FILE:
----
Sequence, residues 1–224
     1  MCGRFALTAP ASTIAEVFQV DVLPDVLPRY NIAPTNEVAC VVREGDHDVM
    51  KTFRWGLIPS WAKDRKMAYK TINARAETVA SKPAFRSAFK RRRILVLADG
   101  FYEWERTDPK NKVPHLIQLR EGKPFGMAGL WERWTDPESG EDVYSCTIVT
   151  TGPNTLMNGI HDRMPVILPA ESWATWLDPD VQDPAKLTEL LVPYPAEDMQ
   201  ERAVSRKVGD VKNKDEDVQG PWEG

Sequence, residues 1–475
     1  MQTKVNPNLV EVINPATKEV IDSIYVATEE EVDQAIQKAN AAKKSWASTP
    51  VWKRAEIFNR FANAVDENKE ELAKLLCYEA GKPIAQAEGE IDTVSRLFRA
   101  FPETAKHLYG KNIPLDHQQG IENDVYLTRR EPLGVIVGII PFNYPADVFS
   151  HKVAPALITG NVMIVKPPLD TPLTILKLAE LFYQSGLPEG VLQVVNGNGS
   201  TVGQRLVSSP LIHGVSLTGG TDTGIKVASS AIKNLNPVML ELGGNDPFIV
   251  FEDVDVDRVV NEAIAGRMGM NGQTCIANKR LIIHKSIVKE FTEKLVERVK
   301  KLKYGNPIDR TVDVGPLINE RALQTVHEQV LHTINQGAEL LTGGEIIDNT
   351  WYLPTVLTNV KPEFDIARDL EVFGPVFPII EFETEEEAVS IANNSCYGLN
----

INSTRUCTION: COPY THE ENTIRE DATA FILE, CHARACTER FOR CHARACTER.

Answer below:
Sequence, residues 1–224
     1  MCGRFALTAP ASTIAEVFQV DVLPDVLPRY NIAPTNEVAC VVREGDHDVM
    51  KTFRWGLIPS WAKDRKMAYK TINARAETVA SKPAFRSAFK RRRILVLADG
   101  FYEWERTDPK NKVPHLIQLR EGKPFGMAGL WERWTDPESG EDVYSCTIVT
   151  TGPNTLMNGI HDRMPVILPA ESWATWLDPD VQDPAKLTEL LVPYPAEDMQ
   201  ERAVSRKVGD VKNKDEDVQG PWEG

Sequence, residues 1–475
     1  MQTKVNPNLV EVINPATKEV IDSIYVATEE EVDQAIQKAN AAKKSWASTP
    51  VWKRAEIFNR FANAVDENKE ELAKLLCYEA GKPIAQAEGE IDTVSRLFRA
   101  FPETAKHLYG KNIPLDHQQG IENDVYLTRR EPLGVIVGII PFNYPADVFS
   151  HKVAPALITG NVMIVKPPLD TPLTILKLAE LFYQSGLPEG VLQVVNGNGS
   201  TVGQRLVSSP LIHGVSLTGG TDTGIKVASS AIKNLNPVML ELGGNDPFIV
   251  FEDVDVDRVV NEAIAGRMGM NGQTCIANKR LIIHKSIVKE FTEKLVERVK
   301  KLKYGNPIDR TVDVGPLINE RALQTVHEQV LHTINQGAEL LTGGEIIDNT
   351  WYLPTVLTNV KPEFDIARDL EVFGPVFPII EFETEEEAVS IANNSCYGLN